308 U.S. 321 (1939), 42, Weiss v. United States

Docket Nº:No. 42
Citation:308 U.S. 321, 60 S.Ct. 269, 84 L.Ed. 298
Party Name:Weiss v. United States
Case Date:December 11, 1939
Court:United States Supreme Court

Page 321

308 U.S. 321 (1939)

60 S.Ct. 269, 84 L.Ed. 298



United States

No. 42

United States Supreme Court

Dec. 11, 1939

Argued November 13, 14, 1939




1. The provision of § 605 of the Communications Act of 1934, that

no person not being authorized by the sender shall intercept any communication and divulge or publish the existence, contents, substance, purport, effect, or meaning of such intercepted communication to any person,

applies to intrastate as well as to interstate and foreign communications (over wires used for both kinds), and bars admission in trials in the federal courts of evidence obtained by interception of such intrastate telephone communications. P. 329.

2. As Congress has power, when necessary for the protection of interstate commerce, to regulate intrastate transactions, there is no constitutional requirement that the scope of the statute be limited so as to exclude intrastate communications. P. 327.

3. The broad and inclusive language of the second clause of § 605, quoted supra, is not to be limited by construction so as to exclude intrastate communications from the protection against interception and divulgence. P. 329.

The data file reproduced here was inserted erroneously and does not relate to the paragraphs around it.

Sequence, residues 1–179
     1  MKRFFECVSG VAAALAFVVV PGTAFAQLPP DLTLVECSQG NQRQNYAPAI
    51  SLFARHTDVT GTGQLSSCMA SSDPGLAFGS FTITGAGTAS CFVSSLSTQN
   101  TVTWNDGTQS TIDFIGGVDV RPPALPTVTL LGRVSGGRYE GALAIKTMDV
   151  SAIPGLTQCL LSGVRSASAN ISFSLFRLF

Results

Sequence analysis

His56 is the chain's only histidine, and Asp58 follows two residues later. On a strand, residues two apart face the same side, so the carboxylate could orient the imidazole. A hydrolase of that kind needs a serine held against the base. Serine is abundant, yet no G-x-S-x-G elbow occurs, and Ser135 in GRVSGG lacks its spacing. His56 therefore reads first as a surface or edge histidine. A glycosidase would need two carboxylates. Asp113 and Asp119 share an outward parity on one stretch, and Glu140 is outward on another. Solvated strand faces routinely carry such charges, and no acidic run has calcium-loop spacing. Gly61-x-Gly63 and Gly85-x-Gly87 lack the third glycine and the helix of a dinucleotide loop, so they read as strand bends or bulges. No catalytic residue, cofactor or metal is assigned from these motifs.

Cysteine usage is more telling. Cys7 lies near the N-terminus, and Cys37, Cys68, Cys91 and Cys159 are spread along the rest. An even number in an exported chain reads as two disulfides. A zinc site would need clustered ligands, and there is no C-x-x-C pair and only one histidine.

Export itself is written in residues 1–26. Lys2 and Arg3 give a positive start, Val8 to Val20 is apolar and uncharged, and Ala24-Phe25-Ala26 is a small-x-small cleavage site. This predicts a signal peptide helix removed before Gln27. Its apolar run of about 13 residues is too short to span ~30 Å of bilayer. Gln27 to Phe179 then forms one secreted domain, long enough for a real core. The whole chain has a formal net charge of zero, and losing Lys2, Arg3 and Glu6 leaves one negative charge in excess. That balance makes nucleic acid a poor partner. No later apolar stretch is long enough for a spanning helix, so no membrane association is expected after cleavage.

4. Held: Evidence of intercepted intrastate telephone communications which had been recorded by stenograph and phonograph was inadmissible in a trial in the federal court, and it was prejudicial error for the court to admit such evidence either by permitting the parties to the telephone conversation, who had turned state's evidence, to read the stenographic transcript, or by allowing the prosecutor to put the stenographic transcripts and phonograph records in evidence upon identification by the parties to the conversation. The divulgence of the communications under the circumstances here was not "authorized by the sender" within the meaning of § 605. Pp. 329, 331.

103 F.2d 348 reversed.

Certiorari, 307 U.S. 621, to review the affirmance of convictions and sentences of the petitioners upon indictments for using the mails to defraud and for conspiracy.

Page 324

ROBERTS, J., lead opinion

MR. JUSTICE ROBERTS delivered the opinion of the Court.

The petitioners were indicted, with five others, in the District Court for the Southern District of New York for using the mails to defraud and for conspiracy so to use them.1 The alleged scheme was to cheat insurance companies by inducing them to pay false claims for disability, health, and accident benefits to three of the defendants, Nelson, Berger, and Spitz. These three pleaded guilty and testified for the Government. Three defendants who were physicians -- Messman, Goldstein, and Krupp -- were alleged to have assisted by furnishing policyholders false medical certificates and instructing them how to simulate illness. Messman pleaded guilty and testified for the Government. The other two stood trial. Two lawyers, Joseph J. Weiss, and Alfred L. Weiss, and an investigator, Gross, were charged with having furthered the claims knowing them to be false. Alfred L. Weiss was granted a severance; Joseph J. Weiss and Gross stood trial. Each of the petitioners was convicted and sentenced. The judgments were affirmed by the Circuit Court of Appeals.2